Peter Lee has served as a perennial, enthusiastic volunteer at Hope On Wheels (HOW100) since the event’s inception in 2005. Event participants have witnessed Peter’s dedication to the event both pre-dawn (unloading supplies and coordinating table set-up at the event’s starting location) and late in the day (handing out snacks and water for riders at the wildly popular “Margarittaville” rest stop out on the Natchez Trace Parkway). What fuels Peter’s determination to be part of such an event that unites purpose, inspiration, and hope? Life-long challenges that have instilled in him how precious and fragile life is and to give back because of his own “second chances”.
Born in Canton, China, to a mother and a father who were both doctors of Western medicine, Peter and his family suffered the loss of his father to cancer when Peter was 3 years old. With the advent of the Chinese Cultural Revolution in the 1970s, Peter painfully remembers how his mother was incarcerated because she was an educator, how he visited her in jail, and how guards raided his house and took food from him and his brothers. Alienated, the Lee family was seemingly destroyed. After three attempts to flee the country by swimming, walking for miles, and ultimately crossing the ocean to Hong Kong, Peter applied for the “Right of Asylum” and a life in the United States. At the U.S. Consulate in Hong Kong in 1981, top officials shook Peter’s hand and told him he was the last person accepted under the “Right of Asylum.”
With nothing but a will to survive and live freely, Peter worked his way up in America from bus boy, waiter, and chef, and ultimately landed a job in the computer field. Peter soon married and moved to Nashville. Peter’s joy in establishing his own computer/surveillance system company in 1992 was surpassed only by the birth of his son, Wayne, that same year.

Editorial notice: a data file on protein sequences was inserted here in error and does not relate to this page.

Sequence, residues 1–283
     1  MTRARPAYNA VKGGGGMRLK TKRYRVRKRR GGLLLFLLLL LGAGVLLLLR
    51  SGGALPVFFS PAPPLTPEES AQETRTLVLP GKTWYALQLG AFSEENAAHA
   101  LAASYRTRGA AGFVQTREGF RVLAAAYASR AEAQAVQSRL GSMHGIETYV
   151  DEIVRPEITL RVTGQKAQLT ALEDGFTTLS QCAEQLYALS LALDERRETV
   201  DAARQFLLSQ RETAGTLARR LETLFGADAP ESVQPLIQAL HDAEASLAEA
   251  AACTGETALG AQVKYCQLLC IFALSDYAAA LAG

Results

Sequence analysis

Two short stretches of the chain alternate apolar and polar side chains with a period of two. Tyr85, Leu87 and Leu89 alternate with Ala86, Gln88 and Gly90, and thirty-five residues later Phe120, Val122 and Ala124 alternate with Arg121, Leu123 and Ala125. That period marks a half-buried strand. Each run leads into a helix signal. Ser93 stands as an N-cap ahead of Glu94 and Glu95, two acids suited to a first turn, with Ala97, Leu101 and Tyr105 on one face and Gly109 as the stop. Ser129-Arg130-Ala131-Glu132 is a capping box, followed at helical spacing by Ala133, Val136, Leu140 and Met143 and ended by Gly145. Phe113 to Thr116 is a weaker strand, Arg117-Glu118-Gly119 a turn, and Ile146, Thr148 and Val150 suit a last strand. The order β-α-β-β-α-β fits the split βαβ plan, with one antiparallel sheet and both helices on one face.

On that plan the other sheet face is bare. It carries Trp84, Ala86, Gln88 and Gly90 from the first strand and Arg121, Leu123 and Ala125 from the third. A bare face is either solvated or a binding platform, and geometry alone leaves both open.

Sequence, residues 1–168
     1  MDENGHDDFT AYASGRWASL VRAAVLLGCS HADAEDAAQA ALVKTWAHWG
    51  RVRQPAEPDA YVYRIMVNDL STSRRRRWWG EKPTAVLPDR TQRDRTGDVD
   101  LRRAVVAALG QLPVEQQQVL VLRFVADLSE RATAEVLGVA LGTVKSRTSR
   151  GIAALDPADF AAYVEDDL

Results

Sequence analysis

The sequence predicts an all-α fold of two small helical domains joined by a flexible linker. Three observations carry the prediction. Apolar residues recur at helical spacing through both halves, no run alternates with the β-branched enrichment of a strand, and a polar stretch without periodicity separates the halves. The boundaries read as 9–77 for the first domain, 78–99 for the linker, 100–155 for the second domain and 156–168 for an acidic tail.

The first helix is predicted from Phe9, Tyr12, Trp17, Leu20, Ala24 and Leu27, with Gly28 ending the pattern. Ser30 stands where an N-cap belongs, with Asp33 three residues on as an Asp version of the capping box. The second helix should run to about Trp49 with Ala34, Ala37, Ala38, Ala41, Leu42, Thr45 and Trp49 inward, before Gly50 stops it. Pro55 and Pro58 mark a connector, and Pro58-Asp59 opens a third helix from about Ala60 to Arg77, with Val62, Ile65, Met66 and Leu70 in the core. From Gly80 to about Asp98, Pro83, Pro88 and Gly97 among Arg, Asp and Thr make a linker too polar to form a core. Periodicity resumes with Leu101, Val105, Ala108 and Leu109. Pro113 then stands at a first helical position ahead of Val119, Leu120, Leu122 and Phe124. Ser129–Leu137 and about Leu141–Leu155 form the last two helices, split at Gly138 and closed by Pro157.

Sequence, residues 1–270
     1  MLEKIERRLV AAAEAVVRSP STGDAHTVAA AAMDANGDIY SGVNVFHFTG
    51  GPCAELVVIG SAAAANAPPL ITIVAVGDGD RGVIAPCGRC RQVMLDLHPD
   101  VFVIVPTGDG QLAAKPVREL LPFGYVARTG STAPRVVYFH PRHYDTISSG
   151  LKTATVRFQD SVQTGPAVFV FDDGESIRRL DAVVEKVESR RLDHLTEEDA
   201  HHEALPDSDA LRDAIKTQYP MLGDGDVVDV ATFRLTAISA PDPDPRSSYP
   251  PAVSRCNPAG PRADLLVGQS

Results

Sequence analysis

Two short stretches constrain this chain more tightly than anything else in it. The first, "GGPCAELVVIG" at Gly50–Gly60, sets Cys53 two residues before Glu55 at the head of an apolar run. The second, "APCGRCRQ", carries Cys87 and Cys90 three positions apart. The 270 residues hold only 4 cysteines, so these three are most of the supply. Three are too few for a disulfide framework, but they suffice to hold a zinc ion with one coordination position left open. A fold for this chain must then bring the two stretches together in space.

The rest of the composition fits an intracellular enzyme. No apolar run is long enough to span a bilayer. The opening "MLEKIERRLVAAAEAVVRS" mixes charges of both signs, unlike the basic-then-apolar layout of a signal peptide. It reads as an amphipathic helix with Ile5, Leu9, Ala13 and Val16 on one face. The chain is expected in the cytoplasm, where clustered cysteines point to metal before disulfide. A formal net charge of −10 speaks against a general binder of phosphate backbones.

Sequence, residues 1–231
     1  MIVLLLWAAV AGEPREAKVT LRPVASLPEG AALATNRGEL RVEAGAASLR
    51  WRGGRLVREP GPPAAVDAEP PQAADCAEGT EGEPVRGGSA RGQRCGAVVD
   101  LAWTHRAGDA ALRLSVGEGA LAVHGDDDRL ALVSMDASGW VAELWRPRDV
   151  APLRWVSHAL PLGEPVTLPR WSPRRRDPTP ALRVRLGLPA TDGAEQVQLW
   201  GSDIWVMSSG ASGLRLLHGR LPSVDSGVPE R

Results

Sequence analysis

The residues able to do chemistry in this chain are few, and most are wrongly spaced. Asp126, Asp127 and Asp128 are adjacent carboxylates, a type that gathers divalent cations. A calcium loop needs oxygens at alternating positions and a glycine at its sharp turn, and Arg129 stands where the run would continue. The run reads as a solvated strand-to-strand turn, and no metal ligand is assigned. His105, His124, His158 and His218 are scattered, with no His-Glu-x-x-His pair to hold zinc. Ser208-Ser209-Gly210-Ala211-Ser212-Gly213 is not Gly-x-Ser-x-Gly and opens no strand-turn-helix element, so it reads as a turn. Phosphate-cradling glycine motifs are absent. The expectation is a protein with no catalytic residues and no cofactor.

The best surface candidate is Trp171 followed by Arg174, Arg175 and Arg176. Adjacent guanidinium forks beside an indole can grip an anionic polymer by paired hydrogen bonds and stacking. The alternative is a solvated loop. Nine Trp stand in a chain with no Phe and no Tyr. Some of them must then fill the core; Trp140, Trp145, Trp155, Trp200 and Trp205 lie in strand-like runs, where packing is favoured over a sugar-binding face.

Living the American dream, Peter was grateful for his second chance at a peaceful, productive life with his young family. Too soon, however, Peter faced yet another challenge – a diagnosis of lymphoma. During rounds of aggressive chemotherapy, Peter was inspired by the elegance of an elderly woman who sat next to him during treatment, relaxed and reading a magazine while receiving her chemotherapy. She advised him to stay strong and to face the challenge with dignity, which Peter did as he also battled diabetes and hepatitis following the impact of treatment.
Peter has rebounded from his illness. In an effort to make deliberate choices about exercise and to boost his immune system, he has chosen cycling and is an avid member of the Harpeth Bike Club. Recently embracing ultra distance cycling, Peter completed the Paris-Brest-Paris ride in 2007 which requires cycling 750 miles within 90 hours. Peter says, “I almost wanted to give up but I would think of cancer patients struggling for their lives; then I was able to complete the ride.” Peter now bikes an average of 100 – 200 miles every week.
Peter is a true survivor who has both lived the dream and, at the same time, had it threatened and nearly taken away from him. Our Foundation is grateful for his loyalty to volunteerism and for his inspiring story of perseverance.
Authors Henry Li and Elina Li have written Peter’s story in Light Up My Life, Once Again…Heart-Touching Story of Wing Lee, a Chinese-American Lives in Tennessee.
In memory of Peter Lee, who passed away since this story was published. We are honored to have shared in Peter’s journey.